If I could do my life over I wouldn’t change a single thing. Not the painful elementary school years when I was the butt of ‘four-eyes’ and ‘fattie’ jokes. Not the two car accidents. Not the two divorces. Not my experience with chronic Lyme Disease. Not even my struggles with addiction. Although it may sound bizarre, I am grateful for these things because I believe they have made me the person I am today.
There was a time in my life when I did not look at things this way. Because I was unable to succeed at marriage, because I was ego-driven and friendless, because I was unable to stop drinking – for all these reasons and more I considered myself a failure. I went so far as to think that I was a bad person. The path between feeling like a failure and becoming grateful for the adversity in my life has been long and arduous, but also rewarding. I had occasion to think about this whole issue recently when I read the Harvard University commencement address delivered this past June by J.K. Rowling, acclaimed author of the Harry Potter novels.
Rowling said that what she feared most as a young woman was failure. That statement struck a chord with me. I also had a tremendous fear of failure, but mine was a fear of what others would think of me if I failed. With little self-esteem, I looked outward for approval, which meant that I often made life decisions based upon what was best for others rather than what was best for me. However I am fortunate in that a series of events led me to get clean and sober and begin to examine my life. As my mind cleared and my health returned, I discovered that the way I thought was all wrong. My attitudes, beliefs and behaviors were simply not normal. As I learned healthy behaviors my self-esteem grew and at some point – I really can’t even remember exactly when – I began to look within for approval. And that allowed me the freedom to be true to myself; to pursue a path that may not necessarily meet with the approval of others.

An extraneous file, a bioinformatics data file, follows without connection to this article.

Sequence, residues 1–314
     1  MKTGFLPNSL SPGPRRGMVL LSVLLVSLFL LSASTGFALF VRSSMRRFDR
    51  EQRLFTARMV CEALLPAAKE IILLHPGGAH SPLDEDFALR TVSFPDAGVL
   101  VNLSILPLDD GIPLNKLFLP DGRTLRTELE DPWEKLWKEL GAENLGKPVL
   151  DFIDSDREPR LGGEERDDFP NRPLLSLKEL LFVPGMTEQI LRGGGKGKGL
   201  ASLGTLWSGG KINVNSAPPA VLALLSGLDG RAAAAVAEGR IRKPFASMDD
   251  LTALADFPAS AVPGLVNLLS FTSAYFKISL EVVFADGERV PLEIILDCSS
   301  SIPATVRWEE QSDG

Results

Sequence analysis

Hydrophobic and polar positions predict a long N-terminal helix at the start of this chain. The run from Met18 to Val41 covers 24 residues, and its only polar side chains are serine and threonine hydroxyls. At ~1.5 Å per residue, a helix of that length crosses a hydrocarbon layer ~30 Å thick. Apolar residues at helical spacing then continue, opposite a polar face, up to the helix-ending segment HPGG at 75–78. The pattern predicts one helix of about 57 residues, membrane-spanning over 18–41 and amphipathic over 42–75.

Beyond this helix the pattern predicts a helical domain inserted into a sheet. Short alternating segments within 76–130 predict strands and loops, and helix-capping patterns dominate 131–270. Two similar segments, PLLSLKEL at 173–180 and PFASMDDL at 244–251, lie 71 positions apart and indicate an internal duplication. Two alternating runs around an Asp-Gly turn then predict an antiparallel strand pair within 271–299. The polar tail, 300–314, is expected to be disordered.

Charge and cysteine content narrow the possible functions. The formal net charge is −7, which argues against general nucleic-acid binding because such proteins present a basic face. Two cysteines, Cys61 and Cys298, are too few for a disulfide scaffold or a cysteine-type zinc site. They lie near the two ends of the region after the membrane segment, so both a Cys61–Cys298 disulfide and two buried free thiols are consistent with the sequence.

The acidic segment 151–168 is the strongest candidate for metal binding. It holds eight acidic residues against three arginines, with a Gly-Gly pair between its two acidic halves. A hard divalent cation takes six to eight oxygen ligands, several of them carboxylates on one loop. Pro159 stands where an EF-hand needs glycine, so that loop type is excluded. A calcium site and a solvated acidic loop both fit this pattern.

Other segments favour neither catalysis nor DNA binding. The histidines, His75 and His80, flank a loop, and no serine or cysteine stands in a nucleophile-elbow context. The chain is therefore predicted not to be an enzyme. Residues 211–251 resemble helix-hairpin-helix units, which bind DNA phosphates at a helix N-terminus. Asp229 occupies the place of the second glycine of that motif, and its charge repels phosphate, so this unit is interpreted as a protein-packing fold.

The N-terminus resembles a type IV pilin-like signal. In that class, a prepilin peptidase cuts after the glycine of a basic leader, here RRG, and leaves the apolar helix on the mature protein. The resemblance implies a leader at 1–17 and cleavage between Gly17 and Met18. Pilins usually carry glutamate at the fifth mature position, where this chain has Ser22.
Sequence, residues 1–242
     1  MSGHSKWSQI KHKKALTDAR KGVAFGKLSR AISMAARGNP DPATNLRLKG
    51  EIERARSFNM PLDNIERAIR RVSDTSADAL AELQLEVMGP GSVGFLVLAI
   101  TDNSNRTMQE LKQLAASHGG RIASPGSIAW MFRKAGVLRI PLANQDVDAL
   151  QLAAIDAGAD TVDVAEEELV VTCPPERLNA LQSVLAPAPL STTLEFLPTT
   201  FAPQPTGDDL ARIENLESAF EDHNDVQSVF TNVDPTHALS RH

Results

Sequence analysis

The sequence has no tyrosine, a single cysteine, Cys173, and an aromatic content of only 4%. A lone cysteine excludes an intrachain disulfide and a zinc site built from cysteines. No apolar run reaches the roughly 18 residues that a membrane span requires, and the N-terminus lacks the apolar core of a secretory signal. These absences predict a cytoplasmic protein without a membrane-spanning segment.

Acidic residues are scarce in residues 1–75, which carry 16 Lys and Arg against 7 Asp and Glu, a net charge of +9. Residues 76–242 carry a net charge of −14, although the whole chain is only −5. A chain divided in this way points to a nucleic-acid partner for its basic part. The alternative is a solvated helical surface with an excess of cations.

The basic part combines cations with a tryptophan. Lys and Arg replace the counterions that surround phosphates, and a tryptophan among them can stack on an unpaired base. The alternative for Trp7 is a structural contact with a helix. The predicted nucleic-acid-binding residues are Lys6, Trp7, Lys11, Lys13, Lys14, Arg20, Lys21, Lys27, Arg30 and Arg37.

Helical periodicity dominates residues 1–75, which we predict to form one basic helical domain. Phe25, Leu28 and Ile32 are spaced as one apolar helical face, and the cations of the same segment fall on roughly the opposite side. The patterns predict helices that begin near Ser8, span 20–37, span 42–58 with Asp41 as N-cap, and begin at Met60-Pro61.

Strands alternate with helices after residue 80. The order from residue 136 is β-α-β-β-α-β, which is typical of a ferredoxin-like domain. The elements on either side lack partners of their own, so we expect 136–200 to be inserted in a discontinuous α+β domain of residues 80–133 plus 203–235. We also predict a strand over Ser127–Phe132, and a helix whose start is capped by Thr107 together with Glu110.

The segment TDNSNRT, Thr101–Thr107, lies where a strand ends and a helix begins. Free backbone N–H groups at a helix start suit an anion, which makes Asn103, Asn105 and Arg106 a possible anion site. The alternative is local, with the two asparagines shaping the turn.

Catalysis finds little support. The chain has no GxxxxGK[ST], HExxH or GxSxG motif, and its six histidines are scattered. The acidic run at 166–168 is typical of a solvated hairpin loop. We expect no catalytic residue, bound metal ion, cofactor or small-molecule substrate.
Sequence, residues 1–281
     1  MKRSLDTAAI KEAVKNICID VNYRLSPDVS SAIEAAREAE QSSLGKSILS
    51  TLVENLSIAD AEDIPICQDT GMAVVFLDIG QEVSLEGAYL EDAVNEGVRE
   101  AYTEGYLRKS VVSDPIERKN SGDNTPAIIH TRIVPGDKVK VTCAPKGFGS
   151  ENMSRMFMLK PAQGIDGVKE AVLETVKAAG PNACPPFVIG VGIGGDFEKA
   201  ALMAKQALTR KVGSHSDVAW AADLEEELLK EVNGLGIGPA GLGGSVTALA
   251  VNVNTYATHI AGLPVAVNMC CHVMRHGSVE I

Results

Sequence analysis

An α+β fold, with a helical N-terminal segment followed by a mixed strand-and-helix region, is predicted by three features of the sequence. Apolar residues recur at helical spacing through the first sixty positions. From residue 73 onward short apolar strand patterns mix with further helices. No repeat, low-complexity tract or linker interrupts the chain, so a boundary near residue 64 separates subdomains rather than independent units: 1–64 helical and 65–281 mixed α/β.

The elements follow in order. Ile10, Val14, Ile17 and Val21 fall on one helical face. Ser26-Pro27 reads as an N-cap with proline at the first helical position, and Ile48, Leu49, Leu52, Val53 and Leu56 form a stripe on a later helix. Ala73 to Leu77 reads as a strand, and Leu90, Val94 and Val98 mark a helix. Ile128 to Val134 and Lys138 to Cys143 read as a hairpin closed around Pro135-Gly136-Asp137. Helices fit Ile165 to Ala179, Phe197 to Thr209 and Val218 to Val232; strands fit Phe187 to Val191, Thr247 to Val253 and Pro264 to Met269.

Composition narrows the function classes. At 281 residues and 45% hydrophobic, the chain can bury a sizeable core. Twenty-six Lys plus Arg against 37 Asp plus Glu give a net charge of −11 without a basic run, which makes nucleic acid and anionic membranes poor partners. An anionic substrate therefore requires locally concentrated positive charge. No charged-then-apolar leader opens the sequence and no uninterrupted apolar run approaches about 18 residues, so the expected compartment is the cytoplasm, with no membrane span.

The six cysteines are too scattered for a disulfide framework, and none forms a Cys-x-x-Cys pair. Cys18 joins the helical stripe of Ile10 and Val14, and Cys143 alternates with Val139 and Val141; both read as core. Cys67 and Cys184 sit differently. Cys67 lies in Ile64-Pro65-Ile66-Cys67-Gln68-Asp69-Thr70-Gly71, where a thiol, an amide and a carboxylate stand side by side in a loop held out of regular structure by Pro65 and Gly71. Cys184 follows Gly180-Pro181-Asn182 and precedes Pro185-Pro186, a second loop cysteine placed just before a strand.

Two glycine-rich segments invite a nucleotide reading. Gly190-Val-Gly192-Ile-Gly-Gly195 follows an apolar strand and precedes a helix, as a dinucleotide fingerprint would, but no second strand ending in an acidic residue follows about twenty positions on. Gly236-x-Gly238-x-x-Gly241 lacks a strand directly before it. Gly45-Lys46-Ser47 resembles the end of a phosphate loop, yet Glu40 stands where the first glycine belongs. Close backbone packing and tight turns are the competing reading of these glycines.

It took a few years, but I left my ‘day’ job and set out to become a freelance writer. Lately I have been struggling with a terrible writer’s block and I was at a loss to explain it until yesterday. During the past year, I have had articles published in a number of local magazines and it is now time to market myself to the regional and national magazines and newspapers. I’ve spent the last month throwing obstacles in my way. I needed to upgrade my hard drive before I could begin to contact these national publishers. There were dozens of small projects that had to be completed before I could take on a new one. Then I decided I had to find a software that would track my writing submissions before contacting potential markets. Yada, yada, yada. My procrastination is fear of failure.
Once I realized what was going on mentally and emotionally, my writer’s block disappeared. The worst that can happen is that I fail. It wouldn’t be the first time and it probably won’t be the last. I have reaped tremendous benefits from my past failures. They have made me a better daughter, sister, friend, employee, and all-around person. Frankly, I rather like myself these days. And if being able to say that isn’t a benefit, then I don’t know what is. Suffice it to say that the words are again flowing with ease.
3 thoughts on “The Benefits Of Failure”
We rather like you too, Barbara!!!!!
“Rock bottom became the solid foundation I built my success on.” -J.K. Rowling
Success or failure just provides more information to base our future decisions upon. And we learn so much more about ourselves through “failure.” You go girl! Laura Lee
I can sure relate to this one. Keep up the writing